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Mini Rca

Using medications with patients is always thought to have more reward than risk, but medical errors can occur and cause harm to patients. Medical errors include omitting medicine, providing medicine to the incorrect patient, and giving the wrong dosage to a patient that ultimately causes unintended harm.

The Global Journal on Quality and Safety in Healthcare (JQSH) recently published a few articles on the topic of medication safety and how to prevent medication errors.

In an editorial entitled “Reducing Medication Harms: Thoughts and Strategies,” Dr. Ines Riberio-Vaz defines a medication error as “any preventable incident that can cause harm to the patient or lead to inappropriate use of medicines, when these are under the control of healthcare professionals or patients.” To deter medical errors from occurring the healthcare industry must keep record of medical errors and strategize how to reduce them moving forward.

Dr. Riberio-Vaz also comments on the article entitled, “Reducing Nonsentinel Harm Events Due to Medication Errors by Using Mini-Root Cause Analysis (RCA) and Action” by Ghada Hussain Al Mardawi, Rajkumar Rajendram, Souzan Mohammed Alowesie and Mufareh Alkatheri. In this article, the authors explain how to use a mini RCA2 as a quality improvement tool to reduce medication errors. In 2018, all medication errors that caused harm due to system failures were investigated and compared to similar errors that occurred the year prior. Drug name and error type were recorded to help review the medication errors made. The authors identified prescribing error to be one of the most common types of errors at their hospital (Riyadh, Saudi Arabia). Major changes to systems, policies, guidelines, work flow, awareness, and training were made in response to the analysis. The authors concluded that a mini RCA2 analysis can be used to reduce adverse drug effects and improve patient safety as well as hospital operations.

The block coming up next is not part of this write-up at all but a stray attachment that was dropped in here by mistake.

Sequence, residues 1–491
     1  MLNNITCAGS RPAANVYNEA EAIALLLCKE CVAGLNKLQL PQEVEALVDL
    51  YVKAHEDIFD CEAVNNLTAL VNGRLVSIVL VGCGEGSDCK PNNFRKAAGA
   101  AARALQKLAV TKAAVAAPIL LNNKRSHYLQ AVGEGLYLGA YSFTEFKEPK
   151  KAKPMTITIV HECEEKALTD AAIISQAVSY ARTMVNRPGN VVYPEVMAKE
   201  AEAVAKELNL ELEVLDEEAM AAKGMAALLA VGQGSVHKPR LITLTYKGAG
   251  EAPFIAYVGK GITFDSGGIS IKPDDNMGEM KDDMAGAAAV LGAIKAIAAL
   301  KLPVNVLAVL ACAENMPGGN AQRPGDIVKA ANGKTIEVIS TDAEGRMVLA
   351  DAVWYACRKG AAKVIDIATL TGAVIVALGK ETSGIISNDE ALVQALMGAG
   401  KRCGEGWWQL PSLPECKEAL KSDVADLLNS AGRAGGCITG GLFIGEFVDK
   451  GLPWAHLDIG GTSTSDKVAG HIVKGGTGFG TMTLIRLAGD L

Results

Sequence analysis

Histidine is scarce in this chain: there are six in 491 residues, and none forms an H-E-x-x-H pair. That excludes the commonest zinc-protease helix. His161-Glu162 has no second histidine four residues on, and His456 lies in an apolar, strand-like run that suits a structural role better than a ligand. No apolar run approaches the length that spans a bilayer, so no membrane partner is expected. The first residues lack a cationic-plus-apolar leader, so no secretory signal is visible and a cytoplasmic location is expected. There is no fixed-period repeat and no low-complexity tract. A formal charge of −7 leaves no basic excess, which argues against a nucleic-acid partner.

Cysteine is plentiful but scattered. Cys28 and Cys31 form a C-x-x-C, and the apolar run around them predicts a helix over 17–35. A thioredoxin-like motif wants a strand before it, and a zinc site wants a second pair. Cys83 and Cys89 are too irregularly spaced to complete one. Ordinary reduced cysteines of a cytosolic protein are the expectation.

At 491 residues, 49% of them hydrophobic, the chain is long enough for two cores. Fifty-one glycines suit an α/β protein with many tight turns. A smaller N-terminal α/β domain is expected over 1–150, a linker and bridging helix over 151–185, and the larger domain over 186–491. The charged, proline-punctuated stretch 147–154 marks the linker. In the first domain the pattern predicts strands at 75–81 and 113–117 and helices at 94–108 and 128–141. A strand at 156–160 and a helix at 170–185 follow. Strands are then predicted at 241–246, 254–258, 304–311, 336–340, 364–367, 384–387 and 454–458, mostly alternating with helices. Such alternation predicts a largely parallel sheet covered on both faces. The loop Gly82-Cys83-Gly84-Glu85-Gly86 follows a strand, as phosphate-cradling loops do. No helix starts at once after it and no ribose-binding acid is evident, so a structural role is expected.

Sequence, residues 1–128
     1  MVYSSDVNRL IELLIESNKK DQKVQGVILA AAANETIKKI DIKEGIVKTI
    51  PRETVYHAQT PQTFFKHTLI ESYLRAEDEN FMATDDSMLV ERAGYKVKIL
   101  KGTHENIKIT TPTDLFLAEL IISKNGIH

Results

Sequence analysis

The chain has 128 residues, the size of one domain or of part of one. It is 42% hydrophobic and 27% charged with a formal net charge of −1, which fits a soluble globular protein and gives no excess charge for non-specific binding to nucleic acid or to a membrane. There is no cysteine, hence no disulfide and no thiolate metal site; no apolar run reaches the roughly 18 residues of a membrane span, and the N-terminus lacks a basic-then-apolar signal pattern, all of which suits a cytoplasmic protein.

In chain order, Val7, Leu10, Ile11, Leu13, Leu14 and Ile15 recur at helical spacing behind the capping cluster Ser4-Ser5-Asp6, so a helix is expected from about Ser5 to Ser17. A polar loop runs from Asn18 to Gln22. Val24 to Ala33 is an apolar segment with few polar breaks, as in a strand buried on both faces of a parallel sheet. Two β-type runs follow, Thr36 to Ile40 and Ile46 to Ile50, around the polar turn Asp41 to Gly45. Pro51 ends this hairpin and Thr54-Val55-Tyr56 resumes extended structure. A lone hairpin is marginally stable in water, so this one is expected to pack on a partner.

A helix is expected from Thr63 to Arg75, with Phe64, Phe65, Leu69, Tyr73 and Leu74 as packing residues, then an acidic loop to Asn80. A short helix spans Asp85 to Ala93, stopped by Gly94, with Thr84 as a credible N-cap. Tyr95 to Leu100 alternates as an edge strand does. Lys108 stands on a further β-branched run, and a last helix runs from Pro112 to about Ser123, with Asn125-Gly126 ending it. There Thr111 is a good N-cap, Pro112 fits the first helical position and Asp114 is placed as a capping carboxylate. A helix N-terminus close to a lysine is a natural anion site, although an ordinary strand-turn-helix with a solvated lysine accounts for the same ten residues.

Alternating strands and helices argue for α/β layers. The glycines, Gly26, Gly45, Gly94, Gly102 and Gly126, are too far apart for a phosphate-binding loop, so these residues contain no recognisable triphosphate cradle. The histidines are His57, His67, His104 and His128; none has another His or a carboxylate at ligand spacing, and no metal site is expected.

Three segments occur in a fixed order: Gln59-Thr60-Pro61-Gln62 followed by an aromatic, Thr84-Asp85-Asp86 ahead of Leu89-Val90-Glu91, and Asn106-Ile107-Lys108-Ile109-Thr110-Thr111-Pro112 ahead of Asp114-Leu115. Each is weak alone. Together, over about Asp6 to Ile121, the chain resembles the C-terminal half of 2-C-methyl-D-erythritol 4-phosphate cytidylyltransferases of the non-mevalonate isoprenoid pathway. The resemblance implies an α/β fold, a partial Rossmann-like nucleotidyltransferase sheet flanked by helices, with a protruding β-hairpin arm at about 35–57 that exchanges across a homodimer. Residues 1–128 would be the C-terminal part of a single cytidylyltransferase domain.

Technology also plays a significant role in reducing medication errors. Hospital staff are always on their feet moving to the next prescription or administering the next dose leaving too much margin for error. Recording the administration of the medication is just as important as the prescription being given. Having to go back to a desktop computer to import the information leaves time to be distracted, but having a portable computer allows the correct information to be input immediately. With the availability of strong Wi-Fi throughout a hospital, portable computers are becoming increasingly popular and are important in eliminating unnecessary medical errors.

All who are involved in prescribing, dispensing, and administering medication are responsible for patient safety. In addition to the recommendations above, additional ways to keep patients safe and minimize medical errors include minimizing clutter, verifying orders, being aware of look-alike sound-alike (LASA) drugs, and tracking errors.

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